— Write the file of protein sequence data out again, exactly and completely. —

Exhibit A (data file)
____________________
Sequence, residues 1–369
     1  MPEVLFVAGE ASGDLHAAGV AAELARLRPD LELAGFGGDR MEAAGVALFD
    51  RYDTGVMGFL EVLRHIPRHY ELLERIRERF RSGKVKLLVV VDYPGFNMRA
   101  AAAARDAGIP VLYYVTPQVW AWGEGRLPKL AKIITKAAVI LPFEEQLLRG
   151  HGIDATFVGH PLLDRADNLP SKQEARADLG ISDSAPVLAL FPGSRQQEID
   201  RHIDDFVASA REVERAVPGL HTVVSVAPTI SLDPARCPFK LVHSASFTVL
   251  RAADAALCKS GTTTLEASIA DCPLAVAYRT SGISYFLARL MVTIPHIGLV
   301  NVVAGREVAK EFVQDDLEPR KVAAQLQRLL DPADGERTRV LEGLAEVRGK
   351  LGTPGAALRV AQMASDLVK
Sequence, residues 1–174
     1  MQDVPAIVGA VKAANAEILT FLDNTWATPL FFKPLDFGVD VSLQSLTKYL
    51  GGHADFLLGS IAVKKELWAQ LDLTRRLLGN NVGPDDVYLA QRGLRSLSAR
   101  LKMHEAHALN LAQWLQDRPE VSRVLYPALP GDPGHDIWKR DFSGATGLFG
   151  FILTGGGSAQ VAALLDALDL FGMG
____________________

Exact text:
Sequence, residues 1–369
     1  MPEVLFVAGE ASGDLHAAGV AAELARLRPD LELAGFGGDR MEAAGVALFD
    51  RYDTGVMGFL EVLRHIPRHY ELLERIRERF RSGKVKLLVV VDYPGFNMRA
   101  AAAARDAGIP VLYYVTPQVW AWGEGRLPKL AKIITKAAVI LPFEEQLLRG
   151  HGIDATFVGH PLLDRADNLP SKQEARADLG ISDSAPVLAL FPGSRQQEID
   201  RHIDDFVASA REVERAVPGL HTVVSVAPTI SLDPARCPFK LVHSASFTVL
   251  RAADAALCKS GTTTLEASIA DCPLAVAYRT SGISYFLARL MVTIPHIGLV
   301  NVVAGREVAK EFVQDDLEPR KVAAQLQRLL DPADGERTRV LEGLAEVRGK
   351  LGTPGAALRV AQMASDLVK
Sequence, residues 1–174
     1  MQDVPAIVGA VKAANAEILT FLDNTWATPL FFKPLDFGVD VSLQSLTKYL
    51  GGHADFLLGS IAVKKELWAQ LDLTRRLLGN NVGPDDVYLA QRGLRSLSAR
   101  LKMHEAHALN LAQWLQDRPE VSRVLYPALP GDPGHDIWKR DFSGATGLFG
   151  FILTGGGSAQ VAALLDALDL FGMG